An emphasis on marketing and merchandising might seem like a recipe for retail success, but rather it’s a strong focus on logistics and supply chain technology such as blockchain that helps savvy retailers weather the storms and tackle new challenges.
The classic case study of Walmart versus Kmart highlights the dangers of retailers underestimating the importance of logistics and technology. Both companies were founded in 1962 but, by the late 1980s, Kmart had about double the number of stores and 60 per cent more sales revenue. The situation reversed in the 1990s as Walmart went from strength to strength. By 2018, Kmart had twice declared bankruptcy, while Walmart had grown to a retail behemoth with $482 billion in annual sales. The crucial difference in their journeys was their investment profile, executive decisions and focus on technology. Kmart emphasised marketing and merchandising, while Walmart invested in logistics operations and supply chain management to lower costs and achieve best price outcomes for customers.
Executive emphasis on technology is still driving enterprise outcomes today, although the focus and application of technology continually changes.
Today, the keyword for sustainable supply chain management is ‘all’. The approach must cover all stages of procurement, manufacturing and distribution. This includes all parties, from suppliers and manufacturers to third-party logistics, distributors, wholesalers and customers. It incorporates all functions, from product development, finance and operations to marketing, distribution and customer service.
Technology has again challenged the status quo and the emphasis of executives in the design of their operations. Blockchain has important applications in the food and beverage industry. Creating an indelible record of events, it provides an overarching registry and connectivity to all players in supply chain management.
The business case supporting blockchain is undeniable, driven not only by compliance requirements but also a new generation of consumers for whom trust and transparency are increasing drivers of purchasing decisions. Blockchain can turn positive social and environmental impact data into extraordinary brand value.
Those executives who appreciate this trend will generate strong recurring revenue by creating trusted brand assets, says Bruno Ustariz, director of SCM services at CitySoft, a company with more than 30 years’ experience in solution design and delivery in Europe and Australia.
CitySoft is a leading provider of business technology products and services across ERP, HCM, e-commerce, EDI and SCM.
Blockchain is penetrating all levels of the supply chain, Ustariz says. It is set to be a point of difference over the next few years, between those players that thrive – through the coming disruption in manufacturing, distribution and retailing – and those players that struggle for relevance.
By scanning a product label in a supermarket – using QR code technology that has gained
‘‘On the back-end, the success of such blockchain projects comes down to the solution design process.’’
acceptance following the COVID-19 pandemic – consumers can learn not only a product’s ingredients and nutritional content, but also the full supply chain history such as its origins.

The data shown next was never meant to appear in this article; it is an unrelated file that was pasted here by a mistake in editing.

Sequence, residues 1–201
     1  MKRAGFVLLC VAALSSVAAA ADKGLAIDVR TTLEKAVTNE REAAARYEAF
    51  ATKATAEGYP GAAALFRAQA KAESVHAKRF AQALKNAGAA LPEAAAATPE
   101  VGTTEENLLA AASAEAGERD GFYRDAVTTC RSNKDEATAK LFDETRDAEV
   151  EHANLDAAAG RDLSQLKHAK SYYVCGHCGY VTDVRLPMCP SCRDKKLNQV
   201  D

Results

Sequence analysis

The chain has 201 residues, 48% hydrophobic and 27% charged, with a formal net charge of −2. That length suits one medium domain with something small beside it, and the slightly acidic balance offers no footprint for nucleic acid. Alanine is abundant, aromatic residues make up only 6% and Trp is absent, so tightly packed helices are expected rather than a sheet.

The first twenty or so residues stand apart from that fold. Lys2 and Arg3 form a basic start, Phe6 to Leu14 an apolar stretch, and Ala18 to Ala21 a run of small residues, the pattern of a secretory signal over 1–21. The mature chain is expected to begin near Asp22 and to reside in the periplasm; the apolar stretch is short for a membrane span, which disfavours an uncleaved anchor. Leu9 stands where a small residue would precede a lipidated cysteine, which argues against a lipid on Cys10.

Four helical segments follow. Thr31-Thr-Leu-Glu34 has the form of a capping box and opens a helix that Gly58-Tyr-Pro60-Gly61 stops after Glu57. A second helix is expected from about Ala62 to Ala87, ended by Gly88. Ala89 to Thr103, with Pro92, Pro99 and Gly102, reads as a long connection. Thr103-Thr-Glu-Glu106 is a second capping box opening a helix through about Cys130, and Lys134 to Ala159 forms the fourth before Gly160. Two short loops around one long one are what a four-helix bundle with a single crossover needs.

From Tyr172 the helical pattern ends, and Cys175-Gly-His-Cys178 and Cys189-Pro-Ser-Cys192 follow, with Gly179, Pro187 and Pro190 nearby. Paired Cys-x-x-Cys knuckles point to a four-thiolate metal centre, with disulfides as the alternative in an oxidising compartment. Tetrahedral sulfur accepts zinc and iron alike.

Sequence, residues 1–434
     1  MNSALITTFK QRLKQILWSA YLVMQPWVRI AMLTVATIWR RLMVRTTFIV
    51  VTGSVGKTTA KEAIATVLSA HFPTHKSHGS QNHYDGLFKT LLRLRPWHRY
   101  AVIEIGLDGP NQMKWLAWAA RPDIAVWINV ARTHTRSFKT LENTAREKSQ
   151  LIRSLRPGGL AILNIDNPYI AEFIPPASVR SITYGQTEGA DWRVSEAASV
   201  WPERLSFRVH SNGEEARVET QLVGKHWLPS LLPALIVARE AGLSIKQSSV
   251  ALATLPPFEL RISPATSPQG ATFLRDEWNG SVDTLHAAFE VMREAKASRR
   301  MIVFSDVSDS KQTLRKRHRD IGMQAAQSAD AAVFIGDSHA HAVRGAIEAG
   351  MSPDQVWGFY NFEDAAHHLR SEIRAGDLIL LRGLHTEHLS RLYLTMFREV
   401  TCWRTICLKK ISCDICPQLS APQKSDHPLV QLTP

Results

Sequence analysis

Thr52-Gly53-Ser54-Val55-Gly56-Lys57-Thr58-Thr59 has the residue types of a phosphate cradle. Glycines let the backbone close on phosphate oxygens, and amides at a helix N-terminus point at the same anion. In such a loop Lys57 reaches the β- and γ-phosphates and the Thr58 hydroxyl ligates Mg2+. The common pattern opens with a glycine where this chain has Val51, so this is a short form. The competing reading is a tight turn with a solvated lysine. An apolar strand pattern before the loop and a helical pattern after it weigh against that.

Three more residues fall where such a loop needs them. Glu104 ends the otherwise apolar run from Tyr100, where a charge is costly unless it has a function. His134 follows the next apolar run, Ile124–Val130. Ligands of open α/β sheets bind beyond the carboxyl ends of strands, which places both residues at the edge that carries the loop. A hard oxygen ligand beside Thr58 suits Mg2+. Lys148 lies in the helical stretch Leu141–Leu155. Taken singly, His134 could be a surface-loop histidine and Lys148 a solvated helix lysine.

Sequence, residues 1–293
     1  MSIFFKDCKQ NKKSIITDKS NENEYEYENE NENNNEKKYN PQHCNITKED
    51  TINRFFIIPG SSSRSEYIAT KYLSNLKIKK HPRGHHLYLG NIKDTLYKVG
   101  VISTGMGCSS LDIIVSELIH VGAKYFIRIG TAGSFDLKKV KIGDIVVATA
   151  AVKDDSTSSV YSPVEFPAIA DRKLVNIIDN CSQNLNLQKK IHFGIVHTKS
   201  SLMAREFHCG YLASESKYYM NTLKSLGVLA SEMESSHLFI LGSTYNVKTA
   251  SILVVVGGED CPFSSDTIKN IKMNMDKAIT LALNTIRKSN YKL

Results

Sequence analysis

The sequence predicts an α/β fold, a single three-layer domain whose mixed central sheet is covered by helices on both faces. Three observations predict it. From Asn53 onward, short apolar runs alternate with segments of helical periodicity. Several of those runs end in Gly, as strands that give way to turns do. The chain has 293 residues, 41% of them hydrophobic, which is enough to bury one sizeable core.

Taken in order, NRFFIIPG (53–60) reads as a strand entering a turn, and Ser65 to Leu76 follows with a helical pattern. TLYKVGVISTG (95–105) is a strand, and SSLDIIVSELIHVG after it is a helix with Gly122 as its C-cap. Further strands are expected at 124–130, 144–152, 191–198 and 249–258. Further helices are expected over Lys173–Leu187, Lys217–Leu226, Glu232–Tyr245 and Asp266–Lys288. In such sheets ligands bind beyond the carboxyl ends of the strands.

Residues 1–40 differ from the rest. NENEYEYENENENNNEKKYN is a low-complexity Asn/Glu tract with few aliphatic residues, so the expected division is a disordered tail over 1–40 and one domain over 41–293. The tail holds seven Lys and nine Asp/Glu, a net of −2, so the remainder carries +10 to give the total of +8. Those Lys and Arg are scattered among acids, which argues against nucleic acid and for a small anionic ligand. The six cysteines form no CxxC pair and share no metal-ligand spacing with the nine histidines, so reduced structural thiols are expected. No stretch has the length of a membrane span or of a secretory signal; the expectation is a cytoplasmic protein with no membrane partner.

‘‘This is more than just traditional traceability, it’s instant decision-making data in the hands of every consumer,’’ Ustariz says. ‘‘A Millennial mother can pick up a jar of baby food, see where it was manufactured and trace back all the ingredients to the farms.’’
CitySoft’s Australian technical development team is building an extensive food and beverage platform for manufacturing, distribution and financials, to provide blockchain integration at the various touch points in the supply chain with leaders such as IBM Food Trust, Beef Ledger, VinoTrust, AgriDigital and Provenance.
These are emerging trusted brands in the food and beverage sector, Ustariz says, with CitySoft’s blockchain services pack seeking to deliver best of-breed integration and management into its existing Sage platform.
‘‘End-to-end design is critical for successful integration of the benefits of blockchain into supply chain management,’’ he says. ‘‘On the back-end, the success of such blockchain projects comes down to the solution design process, which helps avoid costly mistakes further down the track.’’
This technical change is often perceived as brutally complex and expensive by SMEs. But strategic, cost-effective and methodical change is achievable with the correct technology products, people and processes. The long-term enterprise dividend is substantial, says CitySoft chief executive Anthony Russo. ‘‘This kind of technology investment is now available to small and mid-market enterprises, not just the giant Walmarts of the world,’’ Russo says. ‘‘Now is the time for these enterprises to prepare – to think, plan and act in order to capture future markets.’’
Blockchain enables entrepreneurs, from farmers to manufacturers and retailers, to build amazing and sustainable modern enterprises that are future-proofed and profitable. While Australia has a lot of successful small producers, they’re behind on this technology and consumers will start to expect it.
‘‘When consumers pick up an apple off the shelf, they want to know where it came from,’’ Russo says. ‘‘Is it genetically manipulated? What fertilisers and pesticides were used? What labour source picked and packed it?
‘‘These are the important questions that blockchain can answer to better inform shoppers and give tech-savvy businesses a competitive advantage.’’